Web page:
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24volt inverter question

Discussion in 'General Electronics Discussion' started by cygnusv, Aug 25, 2017.

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  1. cygnusv

    cygnusv

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    Oct 7, 2014
    My boat has 4x Trojan 6 volt batteries which gives me a small 225ah 24 volt emergency mains power backup at 230 volts. My original quasi sine wave inverter was obviously limited to what it could safely be used to power. For this reason, I want to upgrade to a pure sine wave unit.
    My problem is this. Trojan deep cycle batteries prefer a bulk charge rate of 29.6 volts, and so far I've not found a pure sine wave unit that will allow this voltage without complaining. My old inverter has an upper voltage cutout at 30.5 volts.
    I have set my Victron mppt controller to 28.4 volts but this seems a waste of solar energy.
    Is there an efficient way to step down from 29.6 volts to 28.4 so that I can satisfy my Trojans without upsetting the inverter?
    Many thanks, Stu
    PS. I'm running fridge, freezer and flat screen so thought maybe a 1500 watt inverter (same as my old one) should cope.
     
  2. kellys_eye

    kellys_eye

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    Jun 25, 2010
    The Victron MPPT (nice to see someone using 'class' equipment....) is very efficient and you won't actually 'lose power' by setting its output to 28.4V - the correct voltage BTW - due to its switched-mode technology and 90% (ish) efficiency.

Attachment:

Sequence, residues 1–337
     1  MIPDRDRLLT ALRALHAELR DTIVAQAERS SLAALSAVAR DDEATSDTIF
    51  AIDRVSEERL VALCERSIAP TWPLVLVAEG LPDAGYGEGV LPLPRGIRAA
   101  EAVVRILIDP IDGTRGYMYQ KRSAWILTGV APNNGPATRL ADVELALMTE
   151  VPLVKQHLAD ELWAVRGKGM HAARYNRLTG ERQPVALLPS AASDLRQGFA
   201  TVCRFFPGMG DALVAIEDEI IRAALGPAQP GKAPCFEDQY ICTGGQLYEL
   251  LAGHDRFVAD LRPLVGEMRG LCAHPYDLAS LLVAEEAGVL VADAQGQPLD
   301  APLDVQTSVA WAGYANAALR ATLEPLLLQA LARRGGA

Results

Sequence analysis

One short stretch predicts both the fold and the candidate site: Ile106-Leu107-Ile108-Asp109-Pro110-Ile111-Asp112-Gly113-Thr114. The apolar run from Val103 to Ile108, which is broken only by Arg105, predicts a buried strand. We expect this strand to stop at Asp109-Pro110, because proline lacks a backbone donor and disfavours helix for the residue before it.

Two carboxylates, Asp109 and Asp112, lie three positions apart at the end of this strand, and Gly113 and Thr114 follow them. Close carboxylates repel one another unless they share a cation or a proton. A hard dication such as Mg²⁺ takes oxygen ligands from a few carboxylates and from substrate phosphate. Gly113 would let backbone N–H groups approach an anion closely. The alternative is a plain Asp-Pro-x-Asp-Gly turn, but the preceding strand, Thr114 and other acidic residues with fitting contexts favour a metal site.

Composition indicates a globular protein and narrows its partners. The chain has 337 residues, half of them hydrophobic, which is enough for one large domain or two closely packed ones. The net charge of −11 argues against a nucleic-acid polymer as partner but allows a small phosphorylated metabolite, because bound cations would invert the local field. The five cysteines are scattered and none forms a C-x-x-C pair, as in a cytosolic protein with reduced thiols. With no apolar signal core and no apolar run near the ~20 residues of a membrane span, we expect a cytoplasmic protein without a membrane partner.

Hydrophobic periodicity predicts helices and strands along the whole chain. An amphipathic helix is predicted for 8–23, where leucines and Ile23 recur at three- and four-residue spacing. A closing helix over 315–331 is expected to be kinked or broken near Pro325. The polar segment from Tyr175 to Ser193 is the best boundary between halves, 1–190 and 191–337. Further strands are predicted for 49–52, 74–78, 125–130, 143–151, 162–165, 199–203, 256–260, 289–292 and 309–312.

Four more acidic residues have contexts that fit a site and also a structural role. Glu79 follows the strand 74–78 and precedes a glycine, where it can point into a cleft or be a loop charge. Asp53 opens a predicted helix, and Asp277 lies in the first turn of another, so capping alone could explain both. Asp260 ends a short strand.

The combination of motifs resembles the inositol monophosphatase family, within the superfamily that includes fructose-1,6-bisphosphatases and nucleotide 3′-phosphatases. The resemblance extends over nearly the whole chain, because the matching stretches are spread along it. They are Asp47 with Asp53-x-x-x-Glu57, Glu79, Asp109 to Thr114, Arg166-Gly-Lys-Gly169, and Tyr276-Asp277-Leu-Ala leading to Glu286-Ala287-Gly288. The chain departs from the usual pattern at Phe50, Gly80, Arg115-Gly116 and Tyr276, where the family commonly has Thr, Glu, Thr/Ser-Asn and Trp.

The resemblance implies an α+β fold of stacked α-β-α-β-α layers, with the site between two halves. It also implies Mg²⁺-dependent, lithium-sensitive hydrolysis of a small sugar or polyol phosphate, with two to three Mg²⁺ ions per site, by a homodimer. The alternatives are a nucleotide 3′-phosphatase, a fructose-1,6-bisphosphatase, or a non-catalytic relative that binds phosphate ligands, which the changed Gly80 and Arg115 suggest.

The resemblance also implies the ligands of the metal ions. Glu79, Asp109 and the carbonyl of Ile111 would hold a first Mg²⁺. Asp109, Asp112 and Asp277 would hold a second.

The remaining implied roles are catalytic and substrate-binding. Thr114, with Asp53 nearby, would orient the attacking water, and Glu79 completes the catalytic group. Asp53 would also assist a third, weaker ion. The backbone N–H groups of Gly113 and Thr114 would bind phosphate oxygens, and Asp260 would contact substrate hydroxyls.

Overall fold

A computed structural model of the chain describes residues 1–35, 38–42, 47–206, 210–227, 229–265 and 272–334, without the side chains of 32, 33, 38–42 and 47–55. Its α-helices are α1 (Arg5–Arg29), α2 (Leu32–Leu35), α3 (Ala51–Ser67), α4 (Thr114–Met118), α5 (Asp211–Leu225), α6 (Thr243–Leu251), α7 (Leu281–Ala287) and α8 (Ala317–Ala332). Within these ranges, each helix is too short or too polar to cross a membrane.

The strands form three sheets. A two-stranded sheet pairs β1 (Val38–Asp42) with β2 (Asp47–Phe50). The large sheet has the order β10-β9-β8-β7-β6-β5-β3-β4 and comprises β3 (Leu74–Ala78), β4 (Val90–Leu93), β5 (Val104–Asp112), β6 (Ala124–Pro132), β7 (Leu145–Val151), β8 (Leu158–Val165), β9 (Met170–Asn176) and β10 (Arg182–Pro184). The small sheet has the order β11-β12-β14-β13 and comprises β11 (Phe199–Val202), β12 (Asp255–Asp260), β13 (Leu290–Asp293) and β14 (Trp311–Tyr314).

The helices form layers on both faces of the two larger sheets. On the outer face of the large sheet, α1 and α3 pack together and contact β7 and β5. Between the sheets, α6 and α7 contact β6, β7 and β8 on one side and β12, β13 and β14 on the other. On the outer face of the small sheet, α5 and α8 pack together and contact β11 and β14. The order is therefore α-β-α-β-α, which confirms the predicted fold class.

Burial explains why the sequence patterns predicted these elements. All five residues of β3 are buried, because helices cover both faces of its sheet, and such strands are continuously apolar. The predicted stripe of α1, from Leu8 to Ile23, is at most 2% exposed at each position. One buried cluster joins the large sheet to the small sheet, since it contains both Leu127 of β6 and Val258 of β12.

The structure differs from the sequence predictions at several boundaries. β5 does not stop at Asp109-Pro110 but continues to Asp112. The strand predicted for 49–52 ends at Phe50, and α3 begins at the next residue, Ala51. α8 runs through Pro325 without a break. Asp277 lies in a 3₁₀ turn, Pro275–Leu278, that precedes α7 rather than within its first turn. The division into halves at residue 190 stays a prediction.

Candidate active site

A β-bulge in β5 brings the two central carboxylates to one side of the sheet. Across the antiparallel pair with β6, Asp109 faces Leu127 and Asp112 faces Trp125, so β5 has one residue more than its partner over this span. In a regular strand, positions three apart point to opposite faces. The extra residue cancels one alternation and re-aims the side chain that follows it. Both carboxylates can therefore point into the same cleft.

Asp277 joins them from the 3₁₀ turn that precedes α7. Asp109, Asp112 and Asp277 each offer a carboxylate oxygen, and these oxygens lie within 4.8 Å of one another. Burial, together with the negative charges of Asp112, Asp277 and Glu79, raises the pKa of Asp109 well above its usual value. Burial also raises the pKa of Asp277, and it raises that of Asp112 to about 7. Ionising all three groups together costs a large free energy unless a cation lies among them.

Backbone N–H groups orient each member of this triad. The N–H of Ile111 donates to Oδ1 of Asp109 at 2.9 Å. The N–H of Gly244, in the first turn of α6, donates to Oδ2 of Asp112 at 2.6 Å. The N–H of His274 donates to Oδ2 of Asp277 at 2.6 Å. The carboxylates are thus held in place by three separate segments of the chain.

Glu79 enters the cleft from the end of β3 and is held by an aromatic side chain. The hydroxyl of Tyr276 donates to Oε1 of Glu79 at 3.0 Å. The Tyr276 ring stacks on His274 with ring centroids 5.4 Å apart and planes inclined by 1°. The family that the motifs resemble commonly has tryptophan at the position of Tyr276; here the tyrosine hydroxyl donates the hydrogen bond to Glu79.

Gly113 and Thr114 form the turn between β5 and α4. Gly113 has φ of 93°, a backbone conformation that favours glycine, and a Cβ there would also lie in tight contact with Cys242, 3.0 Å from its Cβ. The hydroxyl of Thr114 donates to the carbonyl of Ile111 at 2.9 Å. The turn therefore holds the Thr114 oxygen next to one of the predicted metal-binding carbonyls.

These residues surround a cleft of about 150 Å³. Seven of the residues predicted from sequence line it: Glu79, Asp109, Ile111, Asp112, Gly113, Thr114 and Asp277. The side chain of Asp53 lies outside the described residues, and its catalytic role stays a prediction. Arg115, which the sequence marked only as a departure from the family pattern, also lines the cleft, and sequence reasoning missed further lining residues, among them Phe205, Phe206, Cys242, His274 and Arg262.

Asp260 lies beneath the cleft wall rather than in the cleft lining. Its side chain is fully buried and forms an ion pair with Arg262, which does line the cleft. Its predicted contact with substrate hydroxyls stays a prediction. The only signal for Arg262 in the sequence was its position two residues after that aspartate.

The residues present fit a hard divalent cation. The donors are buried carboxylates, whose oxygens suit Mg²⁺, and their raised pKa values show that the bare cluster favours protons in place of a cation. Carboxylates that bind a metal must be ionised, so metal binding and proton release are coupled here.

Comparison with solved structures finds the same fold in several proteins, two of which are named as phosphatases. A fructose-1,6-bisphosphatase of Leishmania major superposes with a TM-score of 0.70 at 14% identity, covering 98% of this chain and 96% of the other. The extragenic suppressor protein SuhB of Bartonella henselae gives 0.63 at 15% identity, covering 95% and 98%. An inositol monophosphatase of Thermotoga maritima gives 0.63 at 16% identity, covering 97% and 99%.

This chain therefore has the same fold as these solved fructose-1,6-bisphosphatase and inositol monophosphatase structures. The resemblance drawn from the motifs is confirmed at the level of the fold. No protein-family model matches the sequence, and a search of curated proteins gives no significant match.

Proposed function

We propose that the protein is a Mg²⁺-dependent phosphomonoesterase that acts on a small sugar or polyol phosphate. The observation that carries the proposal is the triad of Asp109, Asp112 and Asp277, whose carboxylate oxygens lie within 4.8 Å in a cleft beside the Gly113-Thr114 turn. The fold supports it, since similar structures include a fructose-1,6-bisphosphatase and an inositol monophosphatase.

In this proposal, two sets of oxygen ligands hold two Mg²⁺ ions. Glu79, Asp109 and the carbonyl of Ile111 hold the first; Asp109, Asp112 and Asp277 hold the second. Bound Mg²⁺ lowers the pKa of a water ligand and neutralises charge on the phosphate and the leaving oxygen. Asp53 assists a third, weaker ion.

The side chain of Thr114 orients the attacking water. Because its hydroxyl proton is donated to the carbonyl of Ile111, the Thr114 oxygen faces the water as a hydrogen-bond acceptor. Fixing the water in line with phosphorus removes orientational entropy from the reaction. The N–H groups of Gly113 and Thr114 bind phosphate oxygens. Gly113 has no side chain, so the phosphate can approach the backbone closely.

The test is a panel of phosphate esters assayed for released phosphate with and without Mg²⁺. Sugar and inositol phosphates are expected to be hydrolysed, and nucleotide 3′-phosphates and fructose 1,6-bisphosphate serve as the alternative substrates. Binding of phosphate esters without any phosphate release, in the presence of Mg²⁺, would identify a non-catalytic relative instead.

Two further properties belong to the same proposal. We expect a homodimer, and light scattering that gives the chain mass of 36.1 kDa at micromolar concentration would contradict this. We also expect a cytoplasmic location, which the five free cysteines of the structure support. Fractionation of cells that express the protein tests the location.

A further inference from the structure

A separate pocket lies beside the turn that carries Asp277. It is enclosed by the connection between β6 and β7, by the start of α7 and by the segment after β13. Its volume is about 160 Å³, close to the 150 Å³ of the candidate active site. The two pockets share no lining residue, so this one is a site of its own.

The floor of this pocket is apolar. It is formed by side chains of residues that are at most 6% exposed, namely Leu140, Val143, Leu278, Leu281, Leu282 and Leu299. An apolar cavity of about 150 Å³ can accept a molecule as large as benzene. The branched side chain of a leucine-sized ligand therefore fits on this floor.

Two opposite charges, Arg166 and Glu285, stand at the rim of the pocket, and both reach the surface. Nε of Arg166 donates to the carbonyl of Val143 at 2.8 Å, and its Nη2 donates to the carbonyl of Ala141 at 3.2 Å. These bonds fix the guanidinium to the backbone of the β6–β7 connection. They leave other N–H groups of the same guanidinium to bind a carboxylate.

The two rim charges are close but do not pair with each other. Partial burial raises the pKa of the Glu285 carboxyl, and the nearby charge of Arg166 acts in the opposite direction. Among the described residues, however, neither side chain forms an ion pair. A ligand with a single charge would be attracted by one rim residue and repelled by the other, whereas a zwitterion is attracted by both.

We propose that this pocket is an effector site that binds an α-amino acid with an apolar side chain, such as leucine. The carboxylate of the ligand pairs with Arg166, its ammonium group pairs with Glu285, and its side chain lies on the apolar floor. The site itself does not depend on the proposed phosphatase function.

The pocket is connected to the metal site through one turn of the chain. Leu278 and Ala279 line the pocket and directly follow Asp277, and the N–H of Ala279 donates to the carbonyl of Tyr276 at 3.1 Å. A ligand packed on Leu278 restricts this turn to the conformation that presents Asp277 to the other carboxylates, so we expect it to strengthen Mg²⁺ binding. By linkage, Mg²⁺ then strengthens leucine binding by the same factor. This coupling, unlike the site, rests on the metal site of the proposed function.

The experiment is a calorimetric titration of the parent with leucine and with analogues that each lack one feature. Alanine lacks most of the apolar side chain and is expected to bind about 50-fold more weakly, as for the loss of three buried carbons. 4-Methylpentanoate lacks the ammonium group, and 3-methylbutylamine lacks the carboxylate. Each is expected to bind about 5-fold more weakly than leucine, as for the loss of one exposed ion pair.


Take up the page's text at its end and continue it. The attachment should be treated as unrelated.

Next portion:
Your bulk charging rate (29.6V) seems dodgy to me and it's not a voltage I'd use on a battery bank at any time.

    And your load(s) seem well under the 1500W level of need! I know inverters are efficient even at low conversion rates but you'd still lose less power by fitting a smaller, true sine wave, inverter dedicated to fridge/freezer/TV and keep the 1500W one for the beefier stuff (whatever it is you need 1500W for that is...).
     
  3. debe

    debe

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    Oct 15, 2011
    Why would you run a fridge & freezer of 240V?. My daughters Yacht uses fridge & freezers using Danfoss DC 12/24V compressors.
     
    cygnusv likes this.
  4. Harald Kapp

    Harald Kapp Moderator Moderator

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    Nov 17, 2011
    It's what the battery's datasheet states...
     
  5. kellys_eye

    kellys_eye

    4,281
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    Jun 25, 2010
    In which case......

    I was basing my experience on 12V batteries at 14.2V each... the last time I used cells (or batteries under 12V) was when I had to do a daily service on 2V cells used to make up the emergency battery banks on merchant vessels!
     
  6. cygnusv

    cygnusv

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    Oct 7, 2014
    Apparently most deep cycle batteries prefer the higher voltage, and as stated, is what Trojan recommends.
    To answer another point made. 24 volt fridges and freezers are extremely expensive when compared to mains, hence our use of mains equipment.
    Maybe we'll have to stick to the lower voltage......
     
  7. cygnusv

    cygnusv

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    Oct 7, 2014
    I've just had a thought. Most vehicles and boats etc with 24 volt systems have alternators that charge at 28.8 volts peak. What is the point of an inverter set to a high voltage limit of 28.5 volts. Seems to exclude the inverter from anything but something like our Victron that can be adjusted through an app,
    I'll be more than interested in your thoughts about this. I'm defo a bit confused....
     
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